5 Tips to Endure Airport Boredom on the Way to Your Timeshare

published on December 14, 2010 by .

PhotobucketIf you are flying to a timeshare rental vacation this holiday you can find yourself stuck in an airport with nothing to do if (1) you followed expert advice and got to the airport early so as to slip through security hassle-free, (2) your cheap airfare has you changing planes several times before getting to your destination, or (3) you’re grounded due to a Midwest blizzard.

Here are some great tips from LonelyPlanet.com author, Ali Lemer, on how you can endure airport boredom:

  1. Lounge Around
    Once reserved for those in First Class, deluxe lounges can now be your home away from home – for a few hours, anyway – for a small fee. At minimum they usually have comfy seating, newspapers and magazines, a food buffet and free wi-fi.
  2. People Watch
    If there’s anything airports are rarely short of, it’s people. Take an interest in your fellow travelers: play detective and see how much you can figure out about them through your powers of observation (or play fashion police and judge their bad taste in clothing instead). If you enjoyed the film Love, Actually, reenact the opening scene by watching the emotional reunions at the international arrivals gate. Bring your own tissues.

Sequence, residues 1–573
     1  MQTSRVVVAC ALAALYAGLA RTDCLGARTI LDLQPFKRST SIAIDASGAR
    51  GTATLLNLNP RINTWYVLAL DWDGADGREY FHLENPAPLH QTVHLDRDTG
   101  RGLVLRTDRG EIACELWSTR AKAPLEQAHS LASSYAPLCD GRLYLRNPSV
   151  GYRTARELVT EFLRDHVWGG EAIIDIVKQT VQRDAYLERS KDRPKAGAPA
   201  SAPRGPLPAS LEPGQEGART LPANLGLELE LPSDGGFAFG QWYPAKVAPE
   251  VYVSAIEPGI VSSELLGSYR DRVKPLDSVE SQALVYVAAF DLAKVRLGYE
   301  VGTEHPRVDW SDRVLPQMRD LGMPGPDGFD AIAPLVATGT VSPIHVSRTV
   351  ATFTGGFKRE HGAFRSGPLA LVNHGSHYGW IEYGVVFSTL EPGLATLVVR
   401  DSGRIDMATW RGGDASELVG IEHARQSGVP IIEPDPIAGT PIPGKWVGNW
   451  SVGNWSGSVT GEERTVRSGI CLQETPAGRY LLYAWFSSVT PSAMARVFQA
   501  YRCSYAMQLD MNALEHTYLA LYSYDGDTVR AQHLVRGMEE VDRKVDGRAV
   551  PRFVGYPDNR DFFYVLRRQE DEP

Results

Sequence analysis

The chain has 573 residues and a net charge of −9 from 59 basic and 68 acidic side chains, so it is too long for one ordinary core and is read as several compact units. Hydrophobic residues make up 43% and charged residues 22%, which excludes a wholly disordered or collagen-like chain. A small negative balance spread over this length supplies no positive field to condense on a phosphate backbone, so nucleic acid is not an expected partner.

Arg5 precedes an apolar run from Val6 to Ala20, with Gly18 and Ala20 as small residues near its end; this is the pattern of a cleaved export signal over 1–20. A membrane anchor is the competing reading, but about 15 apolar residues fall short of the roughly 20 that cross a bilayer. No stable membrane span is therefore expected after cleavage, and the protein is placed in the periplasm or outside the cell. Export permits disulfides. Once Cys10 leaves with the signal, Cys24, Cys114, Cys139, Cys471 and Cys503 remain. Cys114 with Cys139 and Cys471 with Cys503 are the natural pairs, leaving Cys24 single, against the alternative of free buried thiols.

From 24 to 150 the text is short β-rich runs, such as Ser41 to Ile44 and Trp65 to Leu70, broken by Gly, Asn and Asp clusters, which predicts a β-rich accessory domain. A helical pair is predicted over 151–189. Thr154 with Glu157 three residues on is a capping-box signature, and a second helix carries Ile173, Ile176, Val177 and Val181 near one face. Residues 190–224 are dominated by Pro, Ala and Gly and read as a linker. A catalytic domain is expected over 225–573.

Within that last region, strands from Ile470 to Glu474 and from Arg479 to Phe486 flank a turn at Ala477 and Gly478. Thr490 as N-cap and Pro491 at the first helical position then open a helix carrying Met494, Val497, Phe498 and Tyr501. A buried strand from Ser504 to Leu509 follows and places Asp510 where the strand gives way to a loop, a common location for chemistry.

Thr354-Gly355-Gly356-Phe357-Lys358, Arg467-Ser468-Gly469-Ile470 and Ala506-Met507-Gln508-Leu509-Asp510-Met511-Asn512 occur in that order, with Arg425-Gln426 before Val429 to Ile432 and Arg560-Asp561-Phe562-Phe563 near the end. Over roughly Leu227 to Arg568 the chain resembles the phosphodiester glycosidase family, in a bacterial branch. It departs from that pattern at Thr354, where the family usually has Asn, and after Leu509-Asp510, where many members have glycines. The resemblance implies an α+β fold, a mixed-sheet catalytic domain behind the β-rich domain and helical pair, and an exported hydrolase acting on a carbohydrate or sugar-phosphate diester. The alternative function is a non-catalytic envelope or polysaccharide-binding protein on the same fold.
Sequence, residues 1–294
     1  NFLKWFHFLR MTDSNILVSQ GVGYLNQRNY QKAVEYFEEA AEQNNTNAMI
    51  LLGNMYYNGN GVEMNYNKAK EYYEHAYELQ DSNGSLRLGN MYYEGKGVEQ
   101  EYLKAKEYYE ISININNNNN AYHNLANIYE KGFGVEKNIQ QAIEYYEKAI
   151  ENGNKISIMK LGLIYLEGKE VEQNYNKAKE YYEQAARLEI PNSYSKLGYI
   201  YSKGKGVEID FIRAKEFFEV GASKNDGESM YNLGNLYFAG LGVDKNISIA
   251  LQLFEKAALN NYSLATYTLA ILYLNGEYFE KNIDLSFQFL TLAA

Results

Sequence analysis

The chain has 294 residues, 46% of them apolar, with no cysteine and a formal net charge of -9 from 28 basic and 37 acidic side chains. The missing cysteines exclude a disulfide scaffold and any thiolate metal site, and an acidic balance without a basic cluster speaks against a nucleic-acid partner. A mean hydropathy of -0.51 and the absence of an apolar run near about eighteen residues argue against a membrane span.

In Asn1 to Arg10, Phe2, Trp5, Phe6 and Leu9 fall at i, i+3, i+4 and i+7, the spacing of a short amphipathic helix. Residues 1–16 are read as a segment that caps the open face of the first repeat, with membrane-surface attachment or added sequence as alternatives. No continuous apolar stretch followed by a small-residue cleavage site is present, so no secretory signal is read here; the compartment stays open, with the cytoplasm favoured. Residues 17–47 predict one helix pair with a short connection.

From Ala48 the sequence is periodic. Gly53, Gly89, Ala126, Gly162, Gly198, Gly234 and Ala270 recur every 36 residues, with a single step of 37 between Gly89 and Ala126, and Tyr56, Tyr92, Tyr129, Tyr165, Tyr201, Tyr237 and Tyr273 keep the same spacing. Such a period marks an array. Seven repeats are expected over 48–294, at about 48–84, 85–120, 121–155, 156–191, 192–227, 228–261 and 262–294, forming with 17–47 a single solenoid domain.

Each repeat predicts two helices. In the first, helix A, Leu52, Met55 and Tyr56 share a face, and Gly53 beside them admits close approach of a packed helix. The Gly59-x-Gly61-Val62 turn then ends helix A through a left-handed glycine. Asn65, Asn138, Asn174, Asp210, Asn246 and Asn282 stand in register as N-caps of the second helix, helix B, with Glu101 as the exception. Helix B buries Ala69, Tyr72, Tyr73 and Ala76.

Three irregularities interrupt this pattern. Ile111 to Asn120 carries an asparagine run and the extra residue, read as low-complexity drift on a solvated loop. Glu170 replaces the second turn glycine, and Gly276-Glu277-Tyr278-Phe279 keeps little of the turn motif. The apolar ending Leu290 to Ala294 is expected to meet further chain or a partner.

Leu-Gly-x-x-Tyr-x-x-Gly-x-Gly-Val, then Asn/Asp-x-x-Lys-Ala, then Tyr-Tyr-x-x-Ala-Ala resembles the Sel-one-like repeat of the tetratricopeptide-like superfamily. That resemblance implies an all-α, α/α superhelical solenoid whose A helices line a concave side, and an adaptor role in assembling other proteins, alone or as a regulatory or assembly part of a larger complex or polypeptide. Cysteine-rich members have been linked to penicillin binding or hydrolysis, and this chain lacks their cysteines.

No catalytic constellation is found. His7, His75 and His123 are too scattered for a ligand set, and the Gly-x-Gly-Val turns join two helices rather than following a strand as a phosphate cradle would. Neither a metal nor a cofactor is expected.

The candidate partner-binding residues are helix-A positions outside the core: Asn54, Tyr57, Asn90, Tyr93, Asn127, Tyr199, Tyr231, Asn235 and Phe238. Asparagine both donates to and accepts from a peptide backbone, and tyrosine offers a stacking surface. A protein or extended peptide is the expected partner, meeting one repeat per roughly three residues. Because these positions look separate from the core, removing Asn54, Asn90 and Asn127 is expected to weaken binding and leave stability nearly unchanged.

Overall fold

3. Take a Day Trip
    If you’ve got an extra long layover between flights, consider skipping the airport experience altogether and play tourist downtown. An easy way to quickly have a sight-seeing tour is by Greyline bus tours, available in most major cities. Many city airports have direct shuttle or bus service downtown.
  4. Exercise
    If you can feel your muscles atrophying from all those hours in the air, hit the gym. Many airport hotels have fitness centers with day passes available for the public and some are even open 24 hours. If you don’t have time to go to a gym – get on your feet and take a brisk power walk around the terminal, mall-walking-style.
  5. Enjoy Some Quiet Time
    Most airports have chapels and ‘quiet rooms’ that are good for a little bit of solitary introspection, whether you want to pray, meditate or just contemplate life in silence for a while. If you feel like you really need some spiritual guidance, many large airports have Anglican and Catholic chaplains, Buddhist, Jewish, Muslim, Hindu and Sikh faith representatives on call.

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